Before delving too deep into the world of Broken Age it’s important to note two things. First, this is a Kickstarter-funded project, meaning it sought out a specific audience — point-and-click adventure fans — and found it in spades. It’s a game developed on its own terms, not by a marketing team.
Secondly, Broken Age is an unfinished product — it is only part 1 of a planned two-part adventure. And so, for a game whose story is its key selling point, and an obvious extension of its puzzle mechanics, there is going to be some disappointment when the game’s intermission comes. But, those thoughts only surface after Broken Age hits that mid-point. Up until then, it’s a wondrously transportive experience built by true masters of a bygone genre.
Broken Age‘s story follows two characters, Shay and Vella, whose lives are ruled by routine and tradition. Shay spends his days and nights in outer space, performing various “rescue missions” that are nothing more than distractions, a playful form of imaginative release created by his ship’s AI computer. However, one specific decision by Shay throws his usual routine into flux and puts him on a star-charting adventure filled with alien creatures, covert operations, and, of course, a ton of puzzles.
Vella, on the other hand, lives in an age where every town specializes in a specific industry — her town is called Sugar Bunting and they specialize in baked goods — and each must participate in a ritual called the Maiden’s Feast. In the Maiden’s Feast, one or any number of girls from each town is sacrificed to a multi-eyed beast called Mog Chothra. As you might expect, Vella is none too happy with this ritual, and after breaking free from Sugar Bunting’s ceremony she seeks out a way to bring down Mog Chothra.
Since this is only part 1 of a two-part game, it’s hard to evaluate the story as a complete creation. What is there, however, is enjoyable from beginning to abrupt end, and left me dying to know what happens next. Shay and Vella are compelling and dynamic characters that explore ideas not-often broached in video games — a byproduct of Double Fine‘s imagination at work — and their stories are well-realized, well voice acted, and well written. My only gripe with the writing is that it isn’t as funny as I’d hoped.
If there’s one area that Double Fine excels at more than most it’s design. From the game’s gorgeous, hand-painting aesthetic, to the endlessly clever character and level design, Broken Age is a feast for the eyes. Where many games are too busy pushing polygon counts to their limits, Broken Age delivers something that feels more like a storybook brought to life than a complex series of 1’s and 0’s. Every area is new and exciting, and filled with a ton of detail, which makes the requisite pointing and clicking all the more fun.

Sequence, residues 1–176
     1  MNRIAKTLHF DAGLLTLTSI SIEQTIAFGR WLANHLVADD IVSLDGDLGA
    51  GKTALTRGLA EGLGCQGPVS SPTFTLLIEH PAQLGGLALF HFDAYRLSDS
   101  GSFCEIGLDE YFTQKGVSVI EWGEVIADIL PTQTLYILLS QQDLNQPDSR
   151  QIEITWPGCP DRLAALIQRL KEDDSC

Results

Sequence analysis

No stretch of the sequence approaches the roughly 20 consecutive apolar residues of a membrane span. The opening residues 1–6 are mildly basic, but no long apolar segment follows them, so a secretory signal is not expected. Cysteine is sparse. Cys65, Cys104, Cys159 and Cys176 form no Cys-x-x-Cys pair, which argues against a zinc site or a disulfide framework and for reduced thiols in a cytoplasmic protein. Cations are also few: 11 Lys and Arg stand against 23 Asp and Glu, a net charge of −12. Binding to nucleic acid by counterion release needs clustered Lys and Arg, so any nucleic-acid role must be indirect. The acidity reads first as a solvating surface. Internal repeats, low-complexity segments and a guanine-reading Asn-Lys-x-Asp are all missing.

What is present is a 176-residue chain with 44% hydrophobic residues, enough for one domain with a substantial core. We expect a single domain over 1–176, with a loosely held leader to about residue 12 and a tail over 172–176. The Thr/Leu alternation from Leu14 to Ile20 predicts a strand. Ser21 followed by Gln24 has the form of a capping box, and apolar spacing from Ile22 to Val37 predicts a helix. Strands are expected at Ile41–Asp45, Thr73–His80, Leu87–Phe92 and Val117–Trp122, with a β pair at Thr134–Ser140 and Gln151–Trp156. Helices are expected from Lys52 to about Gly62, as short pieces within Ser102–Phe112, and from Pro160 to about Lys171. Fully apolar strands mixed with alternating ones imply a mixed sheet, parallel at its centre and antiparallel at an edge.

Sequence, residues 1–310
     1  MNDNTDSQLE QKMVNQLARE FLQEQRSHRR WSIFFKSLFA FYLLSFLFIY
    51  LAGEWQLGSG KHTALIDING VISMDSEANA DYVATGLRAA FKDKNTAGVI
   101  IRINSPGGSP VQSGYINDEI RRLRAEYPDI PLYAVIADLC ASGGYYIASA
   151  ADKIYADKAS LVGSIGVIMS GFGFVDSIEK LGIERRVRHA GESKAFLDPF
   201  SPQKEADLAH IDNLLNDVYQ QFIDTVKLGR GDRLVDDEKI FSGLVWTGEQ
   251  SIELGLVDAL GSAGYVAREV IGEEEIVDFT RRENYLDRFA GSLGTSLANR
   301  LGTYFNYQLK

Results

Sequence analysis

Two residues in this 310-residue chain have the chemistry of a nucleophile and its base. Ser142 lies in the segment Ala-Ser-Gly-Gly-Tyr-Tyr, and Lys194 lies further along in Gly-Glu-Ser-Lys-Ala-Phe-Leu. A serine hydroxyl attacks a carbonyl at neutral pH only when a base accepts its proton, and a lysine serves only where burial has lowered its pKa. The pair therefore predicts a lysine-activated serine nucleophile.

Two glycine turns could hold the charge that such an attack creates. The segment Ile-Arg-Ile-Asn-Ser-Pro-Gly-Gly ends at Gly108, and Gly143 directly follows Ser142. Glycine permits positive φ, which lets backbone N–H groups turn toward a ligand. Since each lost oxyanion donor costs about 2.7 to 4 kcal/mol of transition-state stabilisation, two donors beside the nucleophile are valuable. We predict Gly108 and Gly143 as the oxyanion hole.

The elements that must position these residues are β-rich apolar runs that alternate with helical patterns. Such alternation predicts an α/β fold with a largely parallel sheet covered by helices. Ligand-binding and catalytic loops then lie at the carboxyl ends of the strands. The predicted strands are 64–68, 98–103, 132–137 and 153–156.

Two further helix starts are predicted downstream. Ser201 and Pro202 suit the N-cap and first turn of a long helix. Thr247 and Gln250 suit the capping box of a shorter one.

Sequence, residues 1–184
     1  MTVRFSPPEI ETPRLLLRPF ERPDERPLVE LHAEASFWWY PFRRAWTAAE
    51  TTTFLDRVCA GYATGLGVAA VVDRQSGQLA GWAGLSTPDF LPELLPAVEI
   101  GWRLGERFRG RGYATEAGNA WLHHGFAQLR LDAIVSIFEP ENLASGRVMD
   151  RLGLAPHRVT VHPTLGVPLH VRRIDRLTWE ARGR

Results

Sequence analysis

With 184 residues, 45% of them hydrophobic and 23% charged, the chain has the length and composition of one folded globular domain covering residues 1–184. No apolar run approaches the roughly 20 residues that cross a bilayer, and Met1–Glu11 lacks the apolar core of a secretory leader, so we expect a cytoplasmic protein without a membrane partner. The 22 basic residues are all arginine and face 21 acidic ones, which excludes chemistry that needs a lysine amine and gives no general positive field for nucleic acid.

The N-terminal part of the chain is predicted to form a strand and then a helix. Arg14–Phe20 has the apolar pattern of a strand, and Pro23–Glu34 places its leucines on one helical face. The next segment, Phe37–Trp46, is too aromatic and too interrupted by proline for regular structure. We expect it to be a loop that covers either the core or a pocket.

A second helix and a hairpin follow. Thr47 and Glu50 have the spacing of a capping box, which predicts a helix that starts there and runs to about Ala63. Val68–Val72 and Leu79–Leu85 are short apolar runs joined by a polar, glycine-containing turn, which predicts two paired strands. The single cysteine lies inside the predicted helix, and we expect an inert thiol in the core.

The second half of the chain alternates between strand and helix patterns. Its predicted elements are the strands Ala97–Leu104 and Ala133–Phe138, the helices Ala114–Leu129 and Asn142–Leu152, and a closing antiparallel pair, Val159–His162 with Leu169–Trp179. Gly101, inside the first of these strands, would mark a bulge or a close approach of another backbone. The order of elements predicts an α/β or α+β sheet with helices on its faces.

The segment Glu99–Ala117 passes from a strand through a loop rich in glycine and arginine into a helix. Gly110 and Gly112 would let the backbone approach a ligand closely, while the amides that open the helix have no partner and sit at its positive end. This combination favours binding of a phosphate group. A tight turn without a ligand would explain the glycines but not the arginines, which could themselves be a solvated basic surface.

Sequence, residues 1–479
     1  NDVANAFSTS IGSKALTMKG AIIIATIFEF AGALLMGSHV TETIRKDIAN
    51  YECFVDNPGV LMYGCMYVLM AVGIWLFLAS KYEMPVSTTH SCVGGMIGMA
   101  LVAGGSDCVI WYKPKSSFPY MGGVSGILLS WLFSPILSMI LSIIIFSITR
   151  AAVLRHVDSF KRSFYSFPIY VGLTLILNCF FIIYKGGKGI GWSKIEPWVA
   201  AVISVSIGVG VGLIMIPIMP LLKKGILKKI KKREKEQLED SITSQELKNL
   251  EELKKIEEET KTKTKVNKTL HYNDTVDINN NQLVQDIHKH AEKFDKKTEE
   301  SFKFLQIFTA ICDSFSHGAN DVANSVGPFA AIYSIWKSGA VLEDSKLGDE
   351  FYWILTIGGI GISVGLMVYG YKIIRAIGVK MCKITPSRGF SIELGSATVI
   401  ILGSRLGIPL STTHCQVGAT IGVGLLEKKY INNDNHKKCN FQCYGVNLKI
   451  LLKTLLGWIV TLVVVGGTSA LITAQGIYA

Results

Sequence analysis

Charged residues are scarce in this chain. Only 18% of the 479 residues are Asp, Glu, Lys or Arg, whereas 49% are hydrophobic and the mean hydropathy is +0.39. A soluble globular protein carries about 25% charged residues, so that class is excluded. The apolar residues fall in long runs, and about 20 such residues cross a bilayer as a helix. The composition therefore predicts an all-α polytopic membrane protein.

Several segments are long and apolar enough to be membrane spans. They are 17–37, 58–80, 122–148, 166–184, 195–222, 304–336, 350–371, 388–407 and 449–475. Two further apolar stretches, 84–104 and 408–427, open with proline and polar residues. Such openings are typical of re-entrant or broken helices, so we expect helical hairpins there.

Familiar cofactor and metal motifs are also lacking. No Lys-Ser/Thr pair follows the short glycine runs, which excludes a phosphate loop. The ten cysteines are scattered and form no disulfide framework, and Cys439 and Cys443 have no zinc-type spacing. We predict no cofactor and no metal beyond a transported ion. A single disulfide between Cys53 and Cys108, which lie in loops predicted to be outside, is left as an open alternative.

And trust us when we say there will be plenty of pointing and clicking. As we mentioned in our first impressions post, Broken Age is a point-and-click adventure game in the purest sense. Players will move between areas collecting items and solving mini-puzzles while also working towards an overarching goal. In most cases, the end-goal is fairly evident, but it’s the execution that requires some clever thinking, and a ton of exploration. For some, the idea of going back and forth between areas looking for items might be off-putting, especially since the game provides very few clues towards a puzzle’s solution, but it’s a very specific design decision on Double Fine’s part, one that hearkens back to a time before GameFAQs and video walkthroughs.
Where some games might put in mechanics that help players suss out a solution, or keep them on the right track, Broken Age abandons those notions in pursuit of a true point-and-click adventure game. At times that can be frustrating — knowing the solution, but not knowing how to achieve the result — but the game smartly allows players to switch between Shay and Vella at-will. That way, players can find relief in a new character and locale before returning to the seemingly impenetrable puzzle with fresh eyes. And make no mistake; solving puzzles in Broken Age is a rewarding experience where every bit of progress feels earned. At the same time, there’s no shaking the fact that Broken Age‘s gameplay is built for a very specific subset of gamer, and anyone outside that demographic might come away frustrated or disappointed.
However, those who are willing to embrace Broken Age, not as a modern reinvention of the point-and-click adventure but as an excellent example of why the genre is so beloved, will come away more than satisfied. The story is wholly engaging, the design is bursting with imagination, and the puzzles deliver that all-important feeling of accomplishment. There will be some who perceive the game’s specific design decisions as flaws, and they aren’t necessarily wrong, but they were likely never going to enjoy Broken Age anyways. Broken Age falls into a very specific genre, one that rarely gets much attention anymore, and makes a strong case for why it should.
Have you had a chance to play Broken Age as part of your Kickstarter reward? What do you think? Let us know in the comments below.
Broken Age: Act 1 is available now for PC. Game Rant was provided a PC code for this review.
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